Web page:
Saturday, August 13, 2016

CD Review: Catherine Sikora & Sylvie Courvoisier/ Mark Feldman/ Ikue Mori/ Evan Parker

Catherine Sikora
(Relative Pitch)

Another double review, connected by a common thread, which I'll get to at the bottom of this review....

Tenor saxophonist Catherine Sikora was born in West Cork, Ireland, but now makes her home in New York City, where she's played with people like Eric Mingus and Ross Hammond. On this disc, she headed into the studio alone, armed with just her tenor.

Jersey is one of those solo albums that makes the listener wonder what the performer hears while she performs. Are these sketches? Are they solo compositions or does Sikora hear a rhythm section playing beneath her, in her mind? These may be rhetorical questions but they indicate that the music sounds inviting, engaging the listener who can then get inside the music.

"Ripped" begins the session with some long high tones, but Sikora isn't a minimalist, content to let slight vibrations hang in the air. Although she seems interested in exploring the sonic contours of the tenor - using the sound that comes when switching between keys, teasing out overtones without fully lapsing into them - she ultimately sounds more interested in creating spontaneous compositions that simply blowing visceral sound. That focus results in plenty of variety through Jersey's 13 tracks, whether it's "Barn Door Open" which, to these ears, makes a nod to Coltrane or Rollins, or "Speedbag Swivel," where her fingering technique almost sounds like a backwards recording. The space between tracks doesn't last long, making everything segue together like an extended piece. But a delineation can be felt between them, which speaks legions about her approach. It also provides a good lead-in to our second offering....

Sylvie Courvoisier/ Mark Feldman/ Ikue Mori/ Evan Parker
Miller's Tale

Some free improvisers can hit the stage (or hit "record"), and operate at the same dynamic level with each piece,  the break between acting as little more than a chance to take a breath. The skilled free improvisers understand how to really sustain a performance, employing an array of dynamics, moods and even break-out groups within the whole ensemble.

These ideas were running through my head while listening to Miller's Tale, a September 2015 session that coincided with a performance the Roulette in Brooklyn. This came a year after saxophonist Evan Parker's weeklong residency at the Stone in New York, where he invited violinist Mark Feldman, pianist Sylvie Courvoisier and electronics whiz Ikue Mori to perform with him.

The album title and separate tracks are borrowed from Arthur Miller's Death of a Salesman which takes place in Yonkers, where Miller's Tale was recorded. Rather than revel in the bleakness of the classic play, though, this music bursts with optimism, albeit the type that comes with wild, free improvising. Everyone moves so quickly and confidently in the music, it often becomes hard to tell who's playing what. The percussive thump in "Death of a Salesman" must be Courvoisier since there's no percussionist and she's not playing the keys at the moment. The sound of electrified faucet drips could be Feldman plinking away, but it's likely Mori, whose electric textures add great dimension to the set. The music rises and falls and begins with different ideas in each track. Courvoisier takes some time to stretch out during "The American Dream," expanding on droning low note that leads to a vast, Taylor-esque dance across the keyboard.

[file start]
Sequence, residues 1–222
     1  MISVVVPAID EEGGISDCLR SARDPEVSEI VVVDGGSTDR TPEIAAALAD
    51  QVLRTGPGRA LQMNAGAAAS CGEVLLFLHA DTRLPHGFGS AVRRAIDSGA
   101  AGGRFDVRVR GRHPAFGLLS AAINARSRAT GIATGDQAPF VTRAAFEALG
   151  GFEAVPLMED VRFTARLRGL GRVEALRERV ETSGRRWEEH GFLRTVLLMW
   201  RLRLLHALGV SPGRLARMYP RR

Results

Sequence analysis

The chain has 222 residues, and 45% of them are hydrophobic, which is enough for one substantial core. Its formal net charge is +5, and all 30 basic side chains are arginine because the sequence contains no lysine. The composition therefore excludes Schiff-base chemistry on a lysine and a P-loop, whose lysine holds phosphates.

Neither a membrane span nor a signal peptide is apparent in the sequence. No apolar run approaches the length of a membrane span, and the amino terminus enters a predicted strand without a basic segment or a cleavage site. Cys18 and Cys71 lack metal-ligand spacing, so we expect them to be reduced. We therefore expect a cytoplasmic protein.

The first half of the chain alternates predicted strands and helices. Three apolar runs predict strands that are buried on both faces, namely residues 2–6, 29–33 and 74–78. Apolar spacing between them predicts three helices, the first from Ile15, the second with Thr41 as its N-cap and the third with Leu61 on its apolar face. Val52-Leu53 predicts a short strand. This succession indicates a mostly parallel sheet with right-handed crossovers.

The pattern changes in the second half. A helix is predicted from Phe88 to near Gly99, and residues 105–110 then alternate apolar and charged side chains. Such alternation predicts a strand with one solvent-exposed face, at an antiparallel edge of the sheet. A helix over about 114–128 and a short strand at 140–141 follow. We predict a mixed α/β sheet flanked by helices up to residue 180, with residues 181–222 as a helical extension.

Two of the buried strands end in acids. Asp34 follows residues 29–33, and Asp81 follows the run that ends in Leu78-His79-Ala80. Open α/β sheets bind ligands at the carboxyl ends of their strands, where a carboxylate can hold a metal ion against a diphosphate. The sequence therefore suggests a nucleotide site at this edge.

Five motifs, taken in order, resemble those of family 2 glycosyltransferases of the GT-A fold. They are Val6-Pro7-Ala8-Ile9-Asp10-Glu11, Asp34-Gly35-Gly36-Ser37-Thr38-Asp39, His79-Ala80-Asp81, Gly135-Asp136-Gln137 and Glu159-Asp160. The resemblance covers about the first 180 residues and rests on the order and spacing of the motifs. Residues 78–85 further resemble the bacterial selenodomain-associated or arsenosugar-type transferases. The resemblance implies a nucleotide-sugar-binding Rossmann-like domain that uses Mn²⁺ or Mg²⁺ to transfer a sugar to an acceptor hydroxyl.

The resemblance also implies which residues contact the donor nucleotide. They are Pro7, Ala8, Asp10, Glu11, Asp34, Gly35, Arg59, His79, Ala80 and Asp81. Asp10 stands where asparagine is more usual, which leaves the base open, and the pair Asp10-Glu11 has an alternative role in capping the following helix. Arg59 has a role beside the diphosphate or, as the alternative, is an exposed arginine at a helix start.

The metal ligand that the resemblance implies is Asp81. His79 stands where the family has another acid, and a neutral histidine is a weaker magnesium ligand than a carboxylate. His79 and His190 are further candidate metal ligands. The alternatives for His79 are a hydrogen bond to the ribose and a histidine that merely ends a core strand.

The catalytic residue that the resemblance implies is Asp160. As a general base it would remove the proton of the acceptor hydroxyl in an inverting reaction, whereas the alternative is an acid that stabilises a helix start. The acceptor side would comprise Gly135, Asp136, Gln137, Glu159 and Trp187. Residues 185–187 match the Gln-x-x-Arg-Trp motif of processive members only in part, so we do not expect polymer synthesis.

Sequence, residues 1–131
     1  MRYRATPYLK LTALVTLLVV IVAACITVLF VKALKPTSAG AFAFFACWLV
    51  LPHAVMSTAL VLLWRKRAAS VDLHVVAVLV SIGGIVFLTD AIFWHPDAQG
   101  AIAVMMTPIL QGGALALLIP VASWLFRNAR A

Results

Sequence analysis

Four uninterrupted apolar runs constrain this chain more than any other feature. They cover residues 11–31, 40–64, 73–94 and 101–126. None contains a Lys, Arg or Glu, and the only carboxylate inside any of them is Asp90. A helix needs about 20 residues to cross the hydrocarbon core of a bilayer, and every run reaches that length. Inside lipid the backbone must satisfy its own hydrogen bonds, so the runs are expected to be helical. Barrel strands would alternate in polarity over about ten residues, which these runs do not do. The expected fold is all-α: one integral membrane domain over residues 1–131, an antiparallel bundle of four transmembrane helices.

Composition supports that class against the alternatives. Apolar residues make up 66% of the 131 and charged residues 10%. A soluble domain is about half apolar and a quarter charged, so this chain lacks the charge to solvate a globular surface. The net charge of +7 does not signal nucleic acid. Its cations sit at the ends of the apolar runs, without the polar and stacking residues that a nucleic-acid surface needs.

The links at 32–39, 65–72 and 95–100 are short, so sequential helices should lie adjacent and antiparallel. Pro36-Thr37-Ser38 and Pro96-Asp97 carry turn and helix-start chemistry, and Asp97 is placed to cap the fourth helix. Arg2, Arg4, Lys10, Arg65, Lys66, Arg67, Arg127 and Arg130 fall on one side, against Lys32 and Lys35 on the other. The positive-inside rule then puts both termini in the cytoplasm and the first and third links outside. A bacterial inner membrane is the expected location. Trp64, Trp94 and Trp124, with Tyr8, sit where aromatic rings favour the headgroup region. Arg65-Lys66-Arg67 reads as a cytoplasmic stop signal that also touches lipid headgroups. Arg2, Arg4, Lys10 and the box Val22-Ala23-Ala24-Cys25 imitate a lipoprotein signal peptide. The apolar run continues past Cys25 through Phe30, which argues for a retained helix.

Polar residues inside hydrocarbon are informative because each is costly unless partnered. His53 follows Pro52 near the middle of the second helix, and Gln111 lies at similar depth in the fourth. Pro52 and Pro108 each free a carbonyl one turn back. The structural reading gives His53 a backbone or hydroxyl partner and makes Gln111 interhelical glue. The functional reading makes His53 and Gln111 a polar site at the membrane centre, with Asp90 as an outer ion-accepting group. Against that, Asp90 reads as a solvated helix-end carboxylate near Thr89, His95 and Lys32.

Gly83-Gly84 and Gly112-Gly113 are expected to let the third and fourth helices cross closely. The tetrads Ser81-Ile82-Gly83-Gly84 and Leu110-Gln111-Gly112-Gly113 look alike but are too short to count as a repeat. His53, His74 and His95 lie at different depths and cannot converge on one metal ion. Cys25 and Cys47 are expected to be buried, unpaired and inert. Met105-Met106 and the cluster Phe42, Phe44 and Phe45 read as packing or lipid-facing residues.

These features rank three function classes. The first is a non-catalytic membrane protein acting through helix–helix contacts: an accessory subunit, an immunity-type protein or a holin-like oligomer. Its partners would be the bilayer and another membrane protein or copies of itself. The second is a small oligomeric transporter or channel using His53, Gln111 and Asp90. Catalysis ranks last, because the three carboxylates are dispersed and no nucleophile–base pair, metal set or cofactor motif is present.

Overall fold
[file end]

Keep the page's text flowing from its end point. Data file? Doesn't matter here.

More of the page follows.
After five tracks of quartet interaction, Parker (who plays both soprano and tenor saxophones) plays duets with each of them, followed by a brief dialogue between Mori and Courvoisier. Whether the tracks flow past the 10-minute mark or keep it short, the musicians always seem to know how to apply variations to it, balancing the exciting frenzy of sounds with a wide dynamic range.

The liner notes to Sikora's Jersey (uncredited) talk about playing the album for Evan Parker while driving him to a show in Connecticut. The veteran saxophonist had nothing but compliments for the relative newcomer, saying her playing is free of cliches, adding that she "is both two seconds ahead and two seconds behind, which is the way you music play if you're going somewhere." That interpretation can be taken both literally and metaphorically, really.

But the biggest surprise - shock, even - comes in the last paragraph. After listening Jersey, the crew of the car then put on Steely Dan, "one of our guilty pleasures."

That's right - Evan Parker, legendary, sometimes-hard-to-get-into-but-always-pushing-it saxophonist Evan Parker likes the slick stylings of Steely freaking Dan. And I thought Anthony Braxton's fondness for Johnny Mathis was weird.

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